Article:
Opposition’s chance to light fire under Marlene

Posted By: December 09, 2016

This is also an important test, too, for Claire Sugden, the independent minister.

Alex Kane. Irish News (Belfast). Friday, December 9, 2016 

IN THE same week when we heard that the actor Andrew Sachs had died it seemed wonderful, almost farcically appropriate that a succession of political and civil service “Manuels” from our own Fawlty-Towers-On-The-Hill informed us, one after the other, “I know nothing”.

Had Arlene Foster been in Barcelona rather than China, I’m sure the Hole In The Wall Gang could have booked a hall somewhere and turned the whole thing into a pantomime.

The Renewable Heat Incentive (a very rare example of some people being able to have their cake and heat it, too) follows hard on the heels of Nama and Charter NI; follows on in the sense that nobody seems to know who bears responsibility, made key decisions, accepts responsibility, or ‘fesses up’ and stands down when the fan is hit and clogged with the stinking reality of collective ineptitude.

Adding to the farce is the certainty that the DUP and Sinn Féin will circle the Executive wagons and protect each other. In the past few weeks – since the appointment of David Gordon as their ‘minder’ – Arlene Foster, Martin McGuinness, and their respective ministerial teams have been turning their fire on the Opposition. The Steptoe and Son and Craggy Island jibes are classic PR distractions; what’s known in the business as getting your retaliation in first. But no amount of well-crafted one-liners will allow them to escape the public perception that our government would be hard-pushed to organiZe a drinking spree in a brewery.

As I’ve noted before, perception is everything in politics. I’m willing to bet that not one person in Northern Ireland, not a single one of them, was shocked, surprised, stunned or staggered by this latest example of incompetence. And not one of them will believe that this will be the last case, either. We have grown used to it. We have grown used to the fact that no heads will roll and no paper trails leading from A to Z will be uncovered. No minister will be picked apart in the assembly, no motion of no confidence will succeed and no special adviser or senior civil servant will be hung out to dry. And if at any time, an individual minister becomes too uncomfortable, then you can bet your bottom dollar that ‘Marlene’ will be trotted out to tell us: “Yes, there are problems, but it’s better than it used to be. Do we really want Northern Ireland dragged back to the bad old days?”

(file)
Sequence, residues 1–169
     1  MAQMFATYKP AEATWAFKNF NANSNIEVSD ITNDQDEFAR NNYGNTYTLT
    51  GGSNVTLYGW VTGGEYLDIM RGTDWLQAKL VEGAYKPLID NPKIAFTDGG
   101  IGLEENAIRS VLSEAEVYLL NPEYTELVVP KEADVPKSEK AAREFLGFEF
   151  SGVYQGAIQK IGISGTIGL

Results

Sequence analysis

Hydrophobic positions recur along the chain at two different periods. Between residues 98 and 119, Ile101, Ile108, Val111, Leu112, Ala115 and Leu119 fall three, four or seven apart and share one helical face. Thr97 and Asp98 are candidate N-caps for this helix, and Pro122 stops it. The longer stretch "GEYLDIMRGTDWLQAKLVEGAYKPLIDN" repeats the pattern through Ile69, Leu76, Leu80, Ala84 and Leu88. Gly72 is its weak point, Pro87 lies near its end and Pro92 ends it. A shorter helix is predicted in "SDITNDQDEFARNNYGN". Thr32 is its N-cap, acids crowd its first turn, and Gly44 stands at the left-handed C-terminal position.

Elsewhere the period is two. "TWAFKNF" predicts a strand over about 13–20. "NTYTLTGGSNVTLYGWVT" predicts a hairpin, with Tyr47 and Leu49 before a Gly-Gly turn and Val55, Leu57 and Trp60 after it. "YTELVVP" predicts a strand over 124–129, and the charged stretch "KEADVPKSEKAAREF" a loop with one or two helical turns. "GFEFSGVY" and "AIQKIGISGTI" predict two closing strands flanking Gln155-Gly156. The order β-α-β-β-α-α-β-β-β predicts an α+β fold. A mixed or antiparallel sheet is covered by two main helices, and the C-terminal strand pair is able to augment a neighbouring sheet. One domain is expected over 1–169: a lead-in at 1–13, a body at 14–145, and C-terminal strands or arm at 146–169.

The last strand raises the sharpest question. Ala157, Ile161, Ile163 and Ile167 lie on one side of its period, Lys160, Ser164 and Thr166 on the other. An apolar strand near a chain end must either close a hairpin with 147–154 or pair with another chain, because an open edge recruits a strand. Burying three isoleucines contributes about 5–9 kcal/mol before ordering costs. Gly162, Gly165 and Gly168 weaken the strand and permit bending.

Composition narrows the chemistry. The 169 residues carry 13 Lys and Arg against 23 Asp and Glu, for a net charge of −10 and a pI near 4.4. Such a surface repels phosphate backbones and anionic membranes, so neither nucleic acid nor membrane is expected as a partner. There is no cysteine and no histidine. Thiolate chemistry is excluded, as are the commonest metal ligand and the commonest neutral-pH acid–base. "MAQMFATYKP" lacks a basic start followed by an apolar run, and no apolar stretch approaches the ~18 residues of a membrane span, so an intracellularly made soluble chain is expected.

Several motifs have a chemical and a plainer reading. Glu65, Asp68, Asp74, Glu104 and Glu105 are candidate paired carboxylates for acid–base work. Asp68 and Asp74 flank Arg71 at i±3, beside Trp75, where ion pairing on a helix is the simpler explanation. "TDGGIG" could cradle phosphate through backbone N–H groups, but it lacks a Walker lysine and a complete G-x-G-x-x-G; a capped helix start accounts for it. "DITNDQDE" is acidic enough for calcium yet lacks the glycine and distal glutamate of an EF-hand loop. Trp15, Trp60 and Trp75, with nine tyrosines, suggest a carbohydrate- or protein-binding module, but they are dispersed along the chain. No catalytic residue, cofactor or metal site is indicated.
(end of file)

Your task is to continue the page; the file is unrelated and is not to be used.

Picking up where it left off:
This particular story is the first major chance for the opposition to shine. Their individual and collective approach to their role hasn’t amounted to a hill of beans, or landed a major blow, so far; so now is the time to join forces and claim a few scalps. It’s a pity that the BBC Spotlight story (more great work from that team, by the way) broke a few days before the assembly heads off for the Christmas recess, but that shouldn’t prevent Nesbitt, Eastwood, Long, Agnew, Allister and McCann from meeting and pooling their energies and resources. Calling for Foster’s resignation isn’t enough. This has to be a clinical, forensic deconstruction of how decisions are made, how lessons can be learned and how civil servants and their masters cannot be allowed to escape in the smoke. If the opposition fails this test then they are doomed to utter irrelevance and political emasculation.

I think this is also an important test, too, for Claire Sugden, the independent minister. She has an opportunity to set out her concerns about how the Executive works and how it reacts when a story of this magnitude breaks and damages the collective credibility and accountability – which now includes her. It is one of those moments when an individual voice will be heard and will have some sort of influence. In a recent interview with me, she said that “this Executive is different from previous Executives”; yet in its response to criticism it seems to be much the same as the others. It takes an insider to make a stand and acknowledge that wagon circling and firing blanks at the opposition is entirely the wrong form of response.

No one expects the government to be perfect and we all know that mistakes will be made. But NAMA is not a mistake. The SIF stuff around Charter NI is not a mistake. A half-a-billion balls-up on renewable heating is not a mistake. All of this is incompetence, stupidity, recklessness and a cavalier disregard of criticism. It boils down to bad government: arrogant government from arrogant, aloof ministers and their senior staff. It isn’t just the woodchips that are going up in smoke around the clock – it’s also the confidence of the electorate and the taxpayer.